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  • Optimum House Buying/Renting Strategy

    What is the optimum house buying/renting strategy to take advantage of Section 121 and other tax advantages?

     

    My plan is to buy a house in full (no mortgage), live in it for 2 years then buy another house to live in and rent out the previous home for 3 years then sell it to avoid tax on any profits under Section 121. Rince and repeat moving into a new house every 2 years.

     

    Is this logic valid?

     

    Any other strategies out there?

  • #2




    What is the optimum house buying/renting strategy to take advantage of Section 121 and other tax advantages?

     

    My plan is to buy a house in full (no mortgage), live in it for 2 years then buy another house to live in and rent out the previous home for 3 years then sell it to avoid tax on any profits under Section 121. Rince and repeat moving into a new house every 2 years.

     

    Is this logic valid?

     

    Any other strategies out there?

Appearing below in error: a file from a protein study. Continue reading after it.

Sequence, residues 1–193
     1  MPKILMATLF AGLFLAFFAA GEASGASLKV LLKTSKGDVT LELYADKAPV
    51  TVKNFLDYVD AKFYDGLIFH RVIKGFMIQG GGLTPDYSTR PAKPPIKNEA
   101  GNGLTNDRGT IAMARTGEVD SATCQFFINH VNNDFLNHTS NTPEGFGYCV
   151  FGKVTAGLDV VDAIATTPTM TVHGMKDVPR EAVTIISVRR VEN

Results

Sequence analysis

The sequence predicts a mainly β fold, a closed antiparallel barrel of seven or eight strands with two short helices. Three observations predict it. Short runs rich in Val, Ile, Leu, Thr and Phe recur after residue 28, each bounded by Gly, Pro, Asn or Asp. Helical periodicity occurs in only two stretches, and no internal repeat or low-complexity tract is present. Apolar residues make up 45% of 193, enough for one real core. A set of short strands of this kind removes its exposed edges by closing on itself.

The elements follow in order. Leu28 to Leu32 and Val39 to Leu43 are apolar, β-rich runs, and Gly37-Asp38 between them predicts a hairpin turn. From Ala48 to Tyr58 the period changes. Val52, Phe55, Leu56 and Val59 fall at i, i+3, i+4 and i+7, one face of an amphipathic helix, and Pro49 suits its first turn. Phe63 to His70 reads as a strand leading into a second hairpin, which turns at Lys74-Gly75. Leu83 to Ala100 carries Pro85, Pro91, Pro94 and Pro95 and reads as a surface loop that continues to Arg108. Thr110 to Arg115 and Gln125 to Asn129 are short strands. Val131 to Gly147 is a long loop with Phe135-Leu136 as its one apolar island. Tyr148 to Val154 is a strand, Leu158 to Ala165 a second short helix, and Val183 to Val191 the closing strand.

Click to expand...


    Yes, but moving really sucks so it will get old after the second move so its not very practical.

    I dont understand why you'd pay full price? You lose a lot of the benefit that way. You want to have just enough equity to hit the limit and not much more. I dont get why you'd throw the cash up against the transaction costs on either side as the benefit is overall small without appreciation.

    You could live until appreciation was in the ball park or cash out refi enough to where you make sure a sale would keep you just under the equity limits.

    Comment


    • #3
      Moving sucks.  When you're young and smaller houses and moveups, that's fine.    If you're in an environment of high appreciation, this strategy works for the first few cycles as the appreciation outpaces the rental cashflow.

      And if you're doing this, maximize leverage.  20% down, take the rest and invest in true rental real estate.

      Comment


      • #4
        Moving sucks and is expensive.  It seems to me that a life with minimal moves is best.

        Comment


        • #5
          Ugh that sounds awful. Even if it was guaranteed to make money I would still not do it. And it is not even guaranteed. What if housing does not appreciate?

          Comment


          • #6
            The only problems I see with this are:
            •It’s going to be a lot of work.
            •Not sure if the goal is really making money or creating a home.
            •The business model is flawed by not leveraging. The logic of “free rent” by paying cash usually doesn’t workout with the numbers.